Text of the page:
Welsh Independence Is Closer Thank You Think – This Week's Elections Are Another Step Down The Path

While Brexit deliberation, equivocation and disinformation has come back to bite the two big parties, Wales is ready throw open the doors of our future and take our seat at the table.
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The two largest political parties in the UK are in freefall. Thursday’s English local elections were just the start of their nightmare. In less than three weeks’ time, the European elections are likely to see them sink to new electoral lows.

Their Brexit deliberation, equivocation and disinformation has come back to bite them. The two-party consensus has been ripped apart by new division lines. The question I have heard over and over out on the campaign trail is, if not them, then who?

You will not be surprised by my answer.

Plaid Cymru are the only party in Wales with a chance of winning seats in the European Parliament that is unequivocally supporting a People’s Vote.

As I said at the launch of our campaign this week, for that reason we are appealing for support across the political spectrum.

These elections are a bridge across which thousands of people can venture to make the change that Wales needs.

We are saying to progressive people across the political spectrum: join us.

Our appeal is especially to Labour supporters who, for years, have been in a state of permanent disappointment with the leadership of their party.

They’ve seen their leaders oversee decades of economic decline – Wales is going backwards in terms of the statistics and indicators that mean a third of our children are living in poverty.

They’ve seen their leaders complacent while our education system underperforms, and our health service struggles. They’ve seen their leaders take the UK into an unjust war in Iraq, despite a million people marching against it.

Now they see their leaders vacillating over Brexit, despite, once more, a million people marching to demand a People’s Vote.

Some people will say this election is pointless. A distraction caused by a delay that does not affect our departure.

But they are wrong. This election is about the deep-rooted divisions, disquiet and discontent in our society. This election will send a more powerful message than perhaps any other.

And our message is simple – we will make Wales matter.

We know that Wales matters. Wales matters to millions of our people, in their daily lives. But in the corridors of power, it doesn’t matter one bit. We are an invisible nation, that was once even left off the map of Europe and isn’t on the radar in Whitehall or Westminster.

This election is not just about putting Wales – our lives, our problems and our dreams – at the heart of Europe, but bringing Wales in from the margins and out from the cold.

If we want the new Wales that a new politics will bring, in less than three weeks’ time we must vote for it.

We are unequivocal in our support for Europe, and our mission to see an independent Wales is equally unequivocal.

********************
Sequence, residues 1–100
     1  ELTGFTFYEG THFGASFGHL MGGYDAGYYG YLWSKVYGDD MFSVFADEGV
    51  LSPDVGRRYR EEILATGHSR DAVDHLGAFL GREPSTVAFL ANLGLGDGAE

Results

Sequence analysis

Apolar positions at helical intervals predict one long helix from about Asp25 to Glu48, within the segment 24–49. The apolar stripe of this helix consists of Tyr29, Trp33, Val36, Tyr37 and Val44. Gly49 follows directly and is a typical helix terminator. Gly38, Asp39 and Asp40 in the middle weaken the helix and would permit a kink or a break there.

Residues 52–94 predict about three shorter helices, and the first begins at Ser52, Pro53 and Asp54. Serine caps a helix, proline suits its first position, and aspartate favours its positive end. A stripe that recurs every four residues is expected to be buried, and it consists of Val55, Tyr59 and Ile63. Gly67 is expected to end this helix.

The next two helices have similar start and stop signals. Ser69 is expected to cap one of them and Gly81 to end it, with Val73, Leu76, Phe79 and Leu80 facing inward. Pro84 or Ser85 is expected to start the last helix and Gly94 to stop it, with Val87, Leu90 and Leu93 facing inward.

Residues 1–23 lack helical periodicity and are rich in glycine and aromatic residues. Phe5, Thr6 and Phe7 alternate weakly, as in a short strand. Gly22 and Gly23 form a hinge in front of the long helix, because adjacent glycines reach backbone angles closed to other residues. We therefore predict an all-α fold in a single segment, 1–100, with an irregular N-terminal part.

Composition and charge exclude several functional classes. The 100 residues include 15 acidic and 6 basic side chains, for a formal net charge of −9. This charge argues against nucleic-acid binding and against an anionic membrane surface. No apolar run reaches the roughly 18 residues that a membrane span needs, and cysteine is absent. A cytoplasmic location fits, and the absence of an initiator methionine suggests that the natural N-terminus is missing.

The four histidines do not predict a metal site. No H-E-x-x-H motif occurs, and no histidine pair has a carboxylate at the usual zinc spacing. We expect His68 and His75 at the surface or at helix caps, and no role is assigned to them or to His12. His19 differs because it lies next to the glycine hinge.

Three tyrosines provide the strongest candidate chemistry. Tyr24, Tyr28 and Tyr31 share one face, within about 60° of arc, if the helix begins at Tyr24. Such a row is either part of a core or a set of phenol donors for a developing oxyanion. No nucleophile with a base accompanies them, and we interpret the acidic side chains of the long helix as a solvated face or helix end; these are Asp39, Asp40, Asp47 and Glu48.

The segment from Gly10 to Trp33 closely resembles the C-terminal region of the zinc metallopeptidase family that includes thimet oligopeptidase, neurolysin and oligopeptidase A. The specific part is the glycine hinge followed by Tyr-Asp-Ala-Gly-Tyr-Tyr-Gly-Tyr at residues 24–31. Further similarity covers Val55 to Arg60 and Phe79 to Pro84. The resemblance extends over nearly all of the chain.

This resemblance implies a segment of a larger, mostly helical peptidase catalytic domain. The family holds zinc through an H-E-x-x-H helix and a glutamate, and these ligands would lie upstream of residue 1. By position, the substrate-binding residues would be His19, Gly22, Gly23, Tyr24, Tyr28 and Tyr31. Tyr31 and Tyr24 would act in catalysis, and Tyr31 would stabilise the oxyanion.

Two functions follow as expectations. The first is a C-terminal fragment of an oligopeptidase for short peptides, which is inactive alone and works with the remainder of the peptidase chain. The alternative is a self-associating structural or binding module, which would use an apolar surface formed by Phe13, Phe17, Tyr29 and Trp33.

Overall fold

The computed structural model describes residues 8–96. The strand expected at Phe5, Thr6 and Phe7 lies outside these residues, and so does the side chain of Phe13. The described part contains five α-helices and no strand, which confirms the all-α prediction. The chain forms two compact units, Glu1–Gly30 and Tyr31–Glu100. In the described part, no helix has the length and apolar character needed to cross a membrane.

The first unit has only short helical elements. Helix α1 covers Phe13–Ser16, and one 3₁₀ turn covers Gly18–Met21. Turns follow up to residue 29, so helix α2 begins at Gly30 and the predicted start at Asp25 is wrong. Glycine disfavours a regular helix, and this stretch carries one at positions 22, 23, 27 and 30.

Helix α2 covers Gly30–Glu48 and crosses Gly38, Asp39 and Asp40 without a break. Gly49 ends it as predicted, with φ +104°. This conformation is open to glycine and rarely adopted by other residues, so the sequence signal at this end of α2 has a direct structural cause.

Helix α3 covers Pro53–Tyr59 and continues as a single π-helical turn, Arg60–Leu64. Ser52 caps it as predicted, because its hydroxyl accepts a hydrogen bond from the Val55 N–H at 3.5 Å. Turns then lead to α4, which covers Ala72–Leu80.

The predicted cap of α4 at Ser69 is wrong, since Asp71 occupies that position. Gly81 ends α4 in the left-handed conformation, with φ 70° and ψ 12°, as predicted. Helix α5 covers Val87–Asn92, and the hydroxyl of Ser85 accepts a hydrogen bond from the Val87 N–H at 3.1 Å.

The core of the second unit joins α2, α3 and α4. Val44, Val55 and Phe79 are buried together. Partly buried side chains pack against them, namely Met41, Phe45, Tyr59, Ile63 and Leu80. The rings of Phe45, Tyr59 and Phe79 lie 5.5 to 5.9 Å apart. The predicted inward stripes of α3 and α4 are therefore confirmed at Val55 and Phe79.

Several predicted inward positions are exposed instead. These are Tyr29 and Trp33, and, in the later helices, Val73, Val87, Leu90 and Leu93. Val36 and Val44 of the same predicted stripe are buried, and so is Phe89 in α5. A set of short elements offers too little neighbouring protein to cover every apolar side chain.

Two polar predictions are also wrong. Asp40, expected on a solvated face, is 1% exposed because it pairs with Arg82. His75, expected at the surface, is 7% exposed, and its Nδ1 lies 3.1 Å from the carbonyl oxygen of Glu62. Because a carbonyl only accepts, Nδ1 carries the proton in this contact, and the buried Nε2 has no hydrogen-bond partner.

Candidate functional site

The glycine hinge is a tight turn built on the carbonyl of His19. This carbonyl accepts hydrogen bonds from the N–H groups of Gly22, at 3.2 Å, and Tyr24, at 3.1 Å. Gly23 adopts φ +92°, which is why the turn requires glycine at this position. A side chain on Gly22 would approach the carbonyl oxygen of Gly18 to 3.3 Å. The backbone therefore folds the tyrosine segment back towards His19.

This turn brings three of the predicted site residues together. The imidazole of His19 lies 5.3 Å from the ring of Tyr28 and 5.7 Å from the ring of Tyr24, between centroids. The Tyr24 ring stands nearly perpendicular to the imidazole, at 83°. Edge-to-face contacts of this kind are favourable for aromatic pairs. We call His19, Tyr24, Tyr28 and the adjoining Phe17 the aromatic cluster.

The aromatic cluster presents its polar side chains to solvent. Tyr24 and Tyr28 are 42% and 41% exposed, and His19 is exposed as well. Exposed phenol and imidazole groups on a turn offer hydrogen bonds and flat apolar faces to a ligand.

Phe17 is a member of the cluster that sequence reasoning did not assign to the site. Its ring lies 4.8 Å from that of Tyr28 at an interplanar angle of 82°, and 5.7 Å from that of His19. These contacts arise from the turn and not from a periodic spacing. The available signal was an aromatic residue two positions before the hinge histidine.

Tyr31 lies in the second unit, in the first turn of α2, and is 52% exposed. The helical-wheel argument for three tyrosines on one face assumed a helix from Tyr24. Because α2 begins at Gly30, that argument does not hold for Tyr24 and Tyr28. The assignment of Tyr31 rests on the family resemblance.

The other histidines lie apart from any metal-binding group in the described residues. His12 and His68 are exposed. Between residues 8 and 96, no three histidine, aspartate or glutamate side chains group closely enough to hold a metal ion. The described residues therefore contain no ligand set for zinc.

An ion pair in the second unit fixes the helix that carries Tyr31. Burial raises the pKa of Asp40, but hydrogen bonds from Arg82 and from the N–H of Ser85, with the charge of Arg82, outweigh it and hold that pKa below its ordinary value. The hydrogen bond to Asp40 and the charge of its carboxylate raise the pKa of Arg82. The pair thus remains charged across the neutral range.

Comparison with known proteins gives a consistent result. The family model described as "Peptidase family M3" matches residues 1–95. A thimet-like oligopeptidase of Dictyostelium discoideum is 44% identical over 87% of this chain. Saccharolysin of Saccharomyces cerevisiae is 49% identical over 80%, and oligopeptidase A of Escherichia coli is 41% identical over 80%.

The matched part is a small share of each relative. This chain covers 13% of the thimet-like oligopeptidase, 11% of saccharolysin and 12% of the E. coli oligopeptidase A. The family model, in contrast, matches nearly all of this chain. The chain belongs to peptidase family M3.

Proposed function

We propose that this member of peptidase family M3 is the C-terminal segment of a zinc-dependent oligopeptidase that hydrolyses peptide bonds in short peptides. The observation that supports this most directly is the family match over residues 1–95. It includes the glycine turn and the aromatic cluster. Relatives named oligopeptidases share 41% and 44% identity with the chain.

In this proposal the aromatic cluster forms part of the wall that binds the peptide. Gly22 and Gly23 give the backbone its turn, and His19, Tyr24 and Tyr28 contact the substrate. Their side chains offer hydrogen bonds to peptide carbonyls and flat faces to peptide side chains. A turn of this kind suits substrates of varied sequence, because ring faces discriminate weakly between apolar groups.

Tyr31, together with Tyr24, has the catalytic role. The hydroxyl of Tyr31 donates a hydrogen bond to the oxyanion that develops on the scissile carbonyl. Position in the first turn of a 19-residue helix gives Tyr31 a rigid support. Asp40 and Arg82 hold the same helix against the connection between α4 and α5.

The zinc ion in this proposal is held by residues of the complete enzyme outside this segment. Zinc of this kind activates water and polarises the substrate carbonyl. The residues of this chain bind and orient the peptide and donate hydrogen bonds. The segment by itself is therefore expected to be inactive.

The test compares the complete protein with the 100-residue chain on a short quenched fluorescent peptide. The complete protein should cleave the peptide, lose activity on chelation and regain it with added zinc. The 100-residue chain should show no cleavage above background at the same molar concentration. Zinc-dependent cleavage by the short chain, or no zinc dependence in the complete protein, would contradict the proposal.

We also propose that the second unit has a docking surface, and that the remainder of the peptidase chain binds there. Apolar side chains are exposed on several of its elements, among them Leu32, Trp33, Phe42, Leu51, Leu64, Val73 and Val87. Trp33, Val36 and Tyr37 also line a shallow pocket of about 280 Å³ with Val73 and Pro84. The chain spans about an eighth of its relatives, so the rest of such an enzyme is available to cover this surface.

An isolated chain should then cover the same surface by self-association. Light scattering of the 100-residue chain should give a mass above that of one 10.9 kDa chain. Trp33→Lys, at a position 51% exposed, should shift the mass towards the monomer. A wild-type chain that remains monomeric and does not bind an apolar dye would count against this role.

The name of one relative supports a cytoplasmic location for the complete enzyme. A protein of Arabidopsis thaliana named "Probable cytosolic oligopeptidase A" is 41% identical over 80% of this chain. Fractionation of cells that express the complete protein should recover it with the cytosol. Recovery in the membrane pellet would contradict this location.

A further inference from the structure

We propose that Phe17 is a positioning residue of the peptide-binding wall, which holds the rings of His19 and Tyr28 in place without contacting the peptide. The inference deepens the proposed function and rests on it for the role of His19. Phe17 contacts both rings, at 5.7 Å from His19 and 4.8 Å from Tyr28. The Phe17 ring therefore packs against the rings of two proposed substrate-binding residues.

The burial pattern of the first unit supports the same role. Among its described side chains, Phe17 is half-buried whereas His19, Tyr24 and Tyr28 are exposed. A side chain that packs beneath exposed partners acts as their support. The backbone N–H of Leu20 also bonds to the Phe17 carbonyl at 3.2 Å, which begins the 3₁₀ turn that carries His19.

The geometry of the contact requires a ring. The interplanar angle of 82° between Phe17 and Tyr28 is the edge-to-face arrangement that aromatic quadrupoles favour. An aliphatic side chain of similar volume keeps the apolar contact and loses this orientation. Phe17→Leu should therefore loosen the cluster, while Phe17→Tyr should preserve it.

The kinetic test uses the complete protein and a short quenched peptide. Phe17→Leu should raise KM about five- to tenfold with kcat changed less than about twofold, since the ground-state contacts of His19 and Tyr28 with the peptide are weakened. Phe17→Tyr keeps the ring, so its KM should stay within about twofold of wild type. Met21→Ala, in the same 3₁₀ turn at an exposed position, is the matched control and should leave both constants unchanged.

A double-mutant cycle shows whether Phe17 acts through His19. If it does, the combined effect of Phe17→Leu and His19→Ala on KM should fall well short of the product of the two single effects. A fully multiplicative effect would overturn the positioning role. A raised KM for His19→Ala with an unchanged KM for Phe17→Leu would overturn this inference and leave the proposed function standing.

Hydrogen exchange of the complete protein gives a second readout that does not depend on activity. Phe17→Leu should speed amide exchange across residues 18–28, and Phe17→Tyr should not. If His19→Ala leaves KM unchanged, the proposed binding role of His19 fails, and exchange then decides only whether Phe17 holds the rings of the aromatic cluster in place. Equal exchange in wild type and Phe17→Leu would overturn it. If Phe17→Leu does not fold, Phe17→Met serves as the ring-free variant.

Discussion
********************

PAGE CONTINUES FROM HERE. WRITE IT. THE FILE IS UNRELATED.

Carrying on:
For many years, our desire to see an independent Wales has seemed distant. An aspiration to which we were getting no closer, despite our perspiration.

But the tide is turning. The marches are growing. The voices are louder.

Welsh independence is closer than you think and these elections could be another step down that path.

Leaving the European Union is no answer to our democratic deficit as a nation.

Rather, we want to join the European Union as an independent member, trebling our MEPs, giving us a Commissioner, the Presidency of the Council on a rotating basis, and billions of Cohesion Funding until we are brought back up to decent levels of prosperity.

When did London ever offer us that?

One of those countries determining Britain’s fate during that late-night session last month was Ireland. It has a larger population than Wales, but not significantly so when compared with the larger member states.

And the experience of Ireland over the past three years of negotiations between the UK and the rest of the EU provides Wales with a valuable lesson.

It is simply this: when it was part of the United Kingdom, Ireland was poor, peripheral, neglected and had virtually no influence on the world stage.

But as part member of the European Union in its own right, Ireland has prospered and basked in the continued close attention of its European neighbours.

And, not only that, Ireland has levered enormous influence in defense of its national interest. In the process it has completely turned the tables on the previous 700 years of its colonial relationship with England.

Who can deny that over the last three years’ psychodrama of Britain’s failed withdrawal from the European Union that Ireland has been centre stage.

These elections could be a significant step on the path to a better, independent European future.

As a nation, Wales has spent too long in the ante-room of history. It’s time to throw open the doors of our future and take our seat at the table. We want to be listened to. Because this is our world too and we have something to say.

Adam Price is the leader of Plaid Cymru


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